How we change what others think, feel, believe and do
Be kind to yourself. Know you are human, like others, with attendant frailties and limitations. Whilst you do what you can in life, you cannot do everything. To err is human, as they say.
Forgive yourself for your failings. When you are sad, console yourself. Find a place where you can learn without self-blame. Do not just make excuses. Do, however, accept yourself as human and build from there. Learning without blame is the key.
Selflessness and compassion towards others in providing a devoted service is a good way to find happiness. However, people who are focused on others sometimes forget to also be kind and compassionate towards themselves. In their desire to be good, they internally berate themselves and may even wallow in self-loathing.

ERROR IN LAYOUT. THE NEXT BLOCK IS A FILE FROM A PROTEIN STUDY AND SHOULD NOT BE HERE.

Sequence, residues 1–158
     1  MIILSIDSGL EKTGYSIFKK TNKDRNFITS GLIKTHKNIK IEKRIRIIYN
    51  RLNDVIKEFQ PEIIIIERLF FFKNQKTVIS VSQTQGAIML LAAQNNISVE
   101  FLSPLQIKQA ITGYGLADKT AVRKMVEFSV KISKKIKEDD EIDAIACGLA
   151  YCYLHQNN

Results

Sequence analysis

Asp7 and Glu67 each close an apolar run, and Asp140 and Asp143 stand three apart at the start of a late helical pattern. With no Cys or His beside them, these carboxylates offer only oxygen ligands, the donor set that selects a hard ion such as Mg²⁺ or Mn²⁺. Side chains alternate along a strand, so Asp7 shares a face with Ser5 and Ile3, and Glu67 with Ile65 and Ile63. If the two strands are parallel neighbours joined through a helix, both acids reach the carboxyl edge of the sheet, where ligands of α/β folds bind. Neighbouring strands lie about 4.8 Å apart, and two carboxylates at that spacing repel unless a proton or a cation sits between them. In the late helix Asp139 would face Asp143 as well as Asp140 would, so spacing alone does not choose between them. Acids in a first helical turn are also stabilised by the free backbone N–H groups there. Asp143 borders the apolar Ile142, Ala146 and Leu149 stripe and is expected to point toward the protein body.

Self-compassion is about mindfulness, common humanity and kindness.
Kristin Neff's research on self-compassion has found it better than the very common focus on achievement and self-esteem. It is easy in encouraging others (and yourself) to achieve great things for this to become more about punishment as stretch goals are missed and inevitable failures happen along the way. Excessive praise in the pursuit of self-esteem also has damaging effects as it loses its meaning and can lead to problems such as narcissism and emotional fragility.
Self-compassion has been found to have all the benefits of self-esteem with far fewer of the problems. Esteem is about status and comparing yourself with others, which means putting people down. It is also a source of constant anxiety as there are always others better than you.
Self-compassion is not about laziness -- in fact research shows self-compassionate people have higher personal standards, work harder and accept greater responsibility for their actions.
With self-compassion 'the secret to success is the ability to fail'. The inner secret is a focus on learning and development without destructive criticism that triggers coping mechanisms.
And the big